Katheder-reformers or Katheder-Socialists -- representatives of a trend in bourgeois political economy in the 1870s and 1880s who under the guise of socialism, advocated bourgeois-liberal reformism from university chairs (Katheder in German). The fear aroused among the exploiting classes by the spread of Marxism and the growth of the working-class movement, as well as the efforts of bourgeois ideologists to find fresh means of keeping the working people in subjugation, brought Katheder-Socialism into being.
The Katheder-Socialists, among whom were Adolf Wagner Gustav Schmoller, Lorenz Brentano, and Werner Sombart, asserted that the bourgeois state is above classes, that it can reconcile mutually hostile classes, and that it can gradually introduce "socialism" without affecting the interests of the capitalists, while giving every possible consideration to the demands of the working people. They suggested the legalisation of police-regulated wage labour and the revival of the medieval guilds. Marx and Engels exposed Katheder-Socialism, showing how essentially reactionary it was. Lenin called the Katheder-Socialists the bed bugs of "police-bourgeois university science" who hated Marx's revolution-
ary teachings. In Russia the views of the Katheder-Socialists were disseminated by the "legal Marxists."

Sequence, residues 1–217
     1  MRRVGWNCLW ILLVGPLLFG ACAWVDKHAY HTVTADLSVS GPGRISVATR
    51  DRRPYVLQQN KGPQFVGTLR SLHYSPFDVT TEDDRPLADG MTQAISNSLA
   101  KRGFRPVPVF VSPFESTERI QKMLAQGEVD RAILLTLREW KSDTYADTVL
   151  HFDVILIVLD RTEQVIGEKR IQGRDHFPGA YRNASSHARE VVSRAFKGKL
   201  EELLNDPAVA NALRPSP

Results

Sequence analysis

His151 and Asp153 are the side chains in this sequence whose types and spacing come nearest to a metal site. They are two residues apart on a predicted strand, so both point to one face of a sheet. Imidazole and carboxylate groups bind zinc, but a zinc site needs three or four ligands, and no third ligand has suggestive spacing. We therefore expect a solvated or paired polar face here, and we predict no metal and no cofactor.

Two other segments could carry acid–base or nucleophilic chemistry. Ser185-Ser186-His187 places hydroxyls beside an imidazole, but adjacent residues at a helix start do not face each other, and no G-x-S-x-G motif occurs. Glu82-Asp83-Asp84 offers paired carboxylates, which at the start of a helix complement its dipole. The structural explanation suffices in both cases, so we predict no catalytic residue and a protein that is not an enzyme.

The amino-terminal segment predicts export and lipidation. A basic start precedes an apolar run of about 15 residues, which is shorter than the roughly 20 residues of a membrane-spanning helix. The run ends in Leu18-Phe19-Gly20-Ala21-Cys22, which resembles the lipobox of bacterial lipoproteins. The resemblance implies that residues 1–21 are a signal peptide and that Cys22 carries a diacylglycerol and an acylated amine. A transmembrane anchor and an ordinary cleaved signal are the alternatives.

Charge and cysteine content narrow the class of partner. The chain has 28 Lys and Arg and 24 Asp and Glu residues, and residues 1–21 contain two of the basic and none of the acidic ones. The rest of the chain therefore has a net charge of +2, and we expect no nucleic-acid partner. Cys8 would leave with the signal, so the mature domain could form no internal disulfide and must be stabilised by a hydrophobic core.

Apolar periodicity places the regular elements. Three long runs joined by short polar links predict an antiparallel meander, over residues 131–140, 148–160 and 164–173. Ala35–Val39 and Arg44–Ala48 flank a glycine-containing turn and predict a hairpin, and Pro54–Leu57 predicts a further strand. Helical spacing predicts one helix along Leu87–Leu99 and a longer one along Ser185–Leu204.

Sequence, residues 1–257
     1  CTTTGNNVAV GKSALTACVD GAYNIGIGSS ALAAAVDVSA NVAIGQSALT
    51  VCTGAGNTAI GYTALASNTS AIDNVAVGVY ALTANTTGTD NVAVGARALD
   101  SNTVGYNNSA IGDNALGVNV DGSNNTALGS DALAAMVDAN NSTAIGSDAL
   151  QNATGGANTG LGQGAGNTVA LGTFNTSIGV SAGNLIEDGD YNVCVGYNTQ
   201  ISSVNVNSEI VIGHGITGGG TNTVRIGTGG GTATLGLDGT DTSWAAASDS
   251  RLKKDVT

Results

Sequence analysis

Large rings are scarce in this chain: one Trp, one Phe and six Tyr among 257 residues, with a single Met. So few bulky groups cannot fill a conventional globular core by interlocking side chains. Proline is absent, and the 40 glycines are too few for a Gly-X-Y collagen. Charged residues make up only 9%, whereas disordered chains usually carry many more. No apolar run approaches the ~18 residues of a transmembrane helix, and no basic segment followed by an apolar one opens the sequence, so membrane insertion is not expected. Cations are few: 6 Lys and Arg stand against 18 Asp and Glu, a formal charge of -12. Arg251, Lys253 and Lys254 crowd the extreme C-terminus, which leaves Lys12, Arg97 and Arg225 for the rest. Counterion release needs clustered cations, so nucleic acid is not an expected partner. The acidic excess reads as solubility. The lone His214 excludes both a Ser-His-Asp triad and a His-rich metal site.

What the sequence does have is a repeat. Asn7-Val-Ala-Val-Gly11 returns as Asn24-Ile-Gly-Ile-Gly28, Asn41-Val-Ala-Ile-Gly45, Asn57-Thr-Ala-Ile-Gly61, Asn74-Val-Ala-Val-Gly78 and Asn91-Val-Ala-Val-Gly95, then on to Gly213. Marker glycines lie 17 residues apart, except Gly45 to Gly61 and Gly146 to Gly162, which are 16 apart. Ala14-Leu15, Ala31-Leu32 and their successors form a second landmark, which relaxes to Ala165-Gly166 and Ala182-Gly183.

Lenin refers to the liberal Narodniks headed by N. M. Mikhailovsky; he criticised the views of the "school" in his What the "Friends of the People" Are and How They Fight the Social-Democrats (see present edition, Vol. 1).
Russkaya Mysl (Russian Thought ) -- a monthly literary and political magazine published in Moscow from 1880 to 1918; until 1905 it was liberal Narodnik in its views, the editor from 1880 to 1885 was V. M. Lavrov. During the struggle between the Marxists and the liberal Narodniks in the nineties the magazine occasionally carried articles by Marxists. In this period Russkaya Mysl published the democratic writers D. N. Mamin-Sibirvak, G. I. Uspensky, V. G. Korolenko, A. M. Gorky, A. P. Chekhov, and others. After the Revolution of 1905 it became the organ of the counter-revolutionary liberals and was edited by P. B. Struve. It was an advocate of nationalism, reaction, and clericalism, and it defended landlordism. Lenin termed the journal "Black-Hundred Thought" (see present edition, Vol. 13, "Police-Patriotic Demonstration to Order").
Karl Marx, Capital, Vol. III, Moscow, 1959, pp. 709-10.
Coloni -- tenant farmers renting small parcels of land from big landowners in the Roman Empire. The coloni paid in cash or kind for the right to use the land. The coloni later became bound serfs by virtue of their indebtedness to the landowners.
Karl Marx, Capital, Vol. III, Moscow, 1959, pp. 763-93.